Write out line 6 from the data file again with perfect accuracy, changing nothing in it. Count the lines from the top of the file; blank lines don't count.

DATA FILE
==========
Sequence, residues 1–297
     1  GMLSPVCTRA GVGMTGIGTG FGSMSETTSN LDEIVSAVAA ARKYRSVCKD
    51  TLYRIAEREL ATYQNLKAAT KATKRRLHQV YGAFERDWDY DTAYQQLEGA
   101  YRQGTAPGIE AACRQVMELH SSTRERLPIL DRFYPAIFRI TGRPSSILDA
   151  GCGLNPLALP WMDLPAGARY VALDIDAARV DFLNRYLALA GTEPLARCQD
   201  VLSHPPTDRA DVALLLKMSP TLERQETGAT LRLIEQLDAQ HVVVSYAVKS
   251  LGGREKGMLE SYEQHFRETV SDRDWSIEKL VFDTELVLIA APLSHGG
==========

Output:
   201  VLSHPPTDRA DVALLLKMSP TLERQETGAT LRLIEQLDAQ HVVVSYAVKS